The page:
angel and monster

Tell Your (Real) Story

Consumers have reached a saturation point. Fatigued by an increasingly noisy, chaotic, and complex world, they will continue to invest in fewer brands. Constructed brand narratives will become less effective and outdated, as more informed consumers seek out labels and brands that bring real value to their lives. To be successful, brands will need to embrace authenticity, and commit to creating quality products that genuinely provide tangible benefits for their audience. — Joe Flory, Design Director – FINE

The Empowering Itch of the Creative Niche

To a zealous degree, curiosity is advertised as a cardinal quality to behold across design disciplines. A staple ingredient (in the steadfast portfolio of desired designerly traits) to generate creative ideas, tap into creative angles, embark on creative paths—all toward executing a creative vision.

On the job, curiosity is a designer’s intellectual edge. Beyond the job, curiosity is the compass pointing to new directions in the creative form of side projects.

Adjacent to their daytime roles, UX Designer, Liz Wells, collaborates with brand communications manager, Katie Puccio, to publish the newsletter “Desk Lunch,” issued to the communities of creative women and non-binary folks. Graphic designer, Matthew Wyne, seized his obsession with cocktails by illustrating the collection “Letters and Liquor,” where he dives into the history of lettering associated with cocktails, from the 1690s thru 1990s. Carissa Hempton, with her husband, Paul, co-launched “Print Prologue,” a series of tangible and web-based tools focused on the details of small-format printing.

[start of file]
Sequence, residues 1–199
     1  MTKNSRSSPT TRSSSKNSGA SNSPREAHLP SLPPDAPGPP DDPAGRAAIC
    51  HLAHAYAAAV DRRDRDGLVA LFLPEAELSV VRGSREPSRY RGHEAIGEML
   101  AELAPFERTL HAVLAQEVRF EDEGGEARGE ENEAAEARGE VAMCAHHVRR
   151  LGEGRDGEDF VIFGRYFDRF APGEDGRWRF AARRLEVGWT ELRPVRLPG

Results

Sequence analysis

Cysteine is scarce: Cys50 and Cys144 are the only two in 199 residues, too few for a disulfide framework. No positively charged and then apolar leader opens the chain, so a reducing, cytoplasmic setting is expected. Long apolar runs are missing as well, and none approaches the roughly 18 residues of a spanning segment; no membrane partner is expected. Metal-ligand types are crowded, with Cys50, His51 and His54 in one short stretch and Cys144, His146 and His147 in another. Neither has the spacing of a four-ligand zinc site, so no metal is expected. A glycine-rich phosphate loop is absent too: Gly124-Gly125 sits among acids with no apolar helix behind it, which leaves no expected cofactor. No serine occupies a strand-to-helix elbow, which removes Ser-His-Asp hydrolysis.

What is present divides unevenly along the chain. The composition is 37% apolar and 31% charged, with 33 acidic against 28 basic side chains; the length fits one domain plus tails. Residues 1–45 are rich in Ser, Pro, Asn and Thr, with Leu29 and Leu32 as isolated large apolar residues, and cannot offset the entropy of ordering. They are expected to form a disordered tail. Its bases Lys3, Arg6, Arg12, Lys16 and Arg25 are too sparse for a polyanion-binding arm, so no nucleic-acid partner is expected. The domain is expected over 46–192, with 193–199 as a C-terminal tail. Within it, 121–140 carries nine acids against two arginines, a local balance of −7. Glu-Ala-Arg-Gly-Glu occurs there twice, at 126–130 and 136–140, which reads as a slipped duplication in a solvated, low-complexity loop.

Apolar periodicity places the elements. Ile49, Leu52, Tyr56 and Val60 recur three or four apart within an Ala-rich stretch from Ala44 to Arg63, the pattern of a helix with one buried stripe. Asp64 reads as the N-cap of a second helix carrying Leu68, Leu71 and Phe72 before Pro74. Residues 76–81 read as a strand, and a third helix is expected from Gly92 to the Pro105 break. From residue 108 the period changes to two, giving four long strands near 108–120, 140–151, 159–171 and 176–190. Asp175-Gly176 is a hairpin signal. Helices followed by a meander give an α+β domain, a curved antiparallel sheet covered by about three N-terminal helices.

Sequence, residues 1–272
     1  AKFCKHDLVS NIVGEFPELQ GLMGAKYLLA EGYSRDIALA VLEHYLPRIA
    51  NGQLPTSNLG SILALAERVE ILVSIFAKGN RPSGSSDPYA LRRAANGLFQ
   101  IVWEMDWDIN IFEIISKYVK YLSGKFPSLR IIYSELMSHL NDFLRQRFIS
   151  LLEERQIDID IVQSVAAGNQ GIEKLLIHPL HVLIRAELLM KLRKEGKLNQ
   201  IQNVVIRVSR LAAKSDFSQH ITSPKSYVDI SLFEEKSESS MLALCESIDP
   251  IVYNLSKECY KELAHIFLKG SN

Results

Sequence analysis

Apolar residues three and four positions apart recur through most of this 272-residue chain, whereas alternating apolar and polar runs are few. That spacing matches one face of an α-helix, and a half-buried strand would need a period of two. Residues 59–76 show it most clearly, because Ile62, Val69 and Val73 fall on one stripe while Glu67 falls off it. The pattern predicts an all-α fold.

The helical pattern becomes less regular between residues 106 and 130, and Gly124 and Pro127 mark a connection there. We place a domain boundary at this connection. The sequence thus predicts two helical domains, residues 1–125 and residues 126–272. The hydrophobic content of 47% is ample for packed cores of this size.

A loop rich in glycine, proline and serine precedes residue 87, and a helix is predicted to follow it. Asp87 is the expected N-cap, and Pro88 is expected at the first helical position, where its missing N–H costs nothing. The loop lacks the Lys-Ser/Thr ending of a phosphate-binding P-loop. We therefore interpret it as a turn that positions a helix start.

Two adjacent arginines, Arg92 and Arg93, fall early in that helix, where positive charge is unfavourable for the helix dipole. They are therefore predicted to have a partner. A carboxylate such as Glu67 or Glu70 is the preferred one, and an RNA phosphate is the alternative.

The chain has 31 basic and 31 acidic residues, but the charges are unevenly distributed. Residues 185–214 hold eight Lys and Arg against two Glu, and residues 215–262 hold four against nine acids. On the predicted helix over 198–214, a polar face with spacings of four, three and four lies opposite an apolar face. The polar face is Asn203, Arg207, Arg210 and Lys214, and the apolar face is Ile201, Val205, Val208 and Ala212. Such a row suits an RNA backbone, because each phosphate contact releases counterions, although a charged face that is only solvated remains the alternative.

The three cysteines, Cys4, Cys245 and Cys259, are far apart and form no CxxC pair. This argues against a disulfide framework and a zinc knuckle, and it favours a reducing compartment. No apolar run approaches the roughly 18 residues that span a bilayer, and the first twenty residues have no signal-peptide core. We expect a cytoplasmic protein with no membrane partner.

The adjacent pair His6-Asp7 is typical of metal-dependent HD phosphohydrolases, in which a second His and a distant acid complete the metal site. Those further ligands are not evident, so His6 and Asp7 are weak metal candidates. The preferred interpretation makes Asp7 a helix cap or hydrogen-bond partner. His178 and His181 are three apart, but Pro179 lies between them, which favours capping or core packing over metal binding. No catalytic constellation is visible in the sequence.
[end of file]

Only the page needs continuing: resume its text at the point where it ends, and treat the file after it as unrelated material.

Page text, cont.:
Curiosity, paired with conviction, flows through these examples of designers exploring diverse interests. Along with scratching one’s itch, harvesting a creative niche helps keep one vital mission alive: to never stop learning and growing. For designers, side projects are not merely pet projects, they’re passion projects. Creative freedom maximized. — Nate Burgos, UX Designer & Content Strategist –

Less Is Still More, But…

I see minimalism sticking around in print, packaging, and digital. It’s a classic design choice, and it’s not going anywhere, but I would like to see a resurgence of vivid color mixed in with minimalism. Typography is going in bolder directions with unexpected font pairings, and even messy typography looks are becoming the norm since they make people stop and pay attention in a world of waning attention spans. I also see more doodles and hand-drawn personal touches popping up in design, for a more friendly style (that I actually really like). — Ashley Milligan, Art Director – FINE

‘Fluid’ Brands

Is it just me or were we able to break more brands in 2018? I’d like to see this trend continue in 2019 as brands finally realize that they need to loosen up their rigid self-indulgence and become team players. 

Consumers don’t buy a single brand anymore: they subscribe to a lifestyle, and a lifestyle will always demand more complexity than any single brand could ever provide. This means big brands need to rethink their traditional tactics and outdated campaign models (saying goodbye to the overpriced, overhyped ‘big ad’ moments), instead looking to interesting partnerships and curated collaborations that are born from the consumers integrated lifestyle.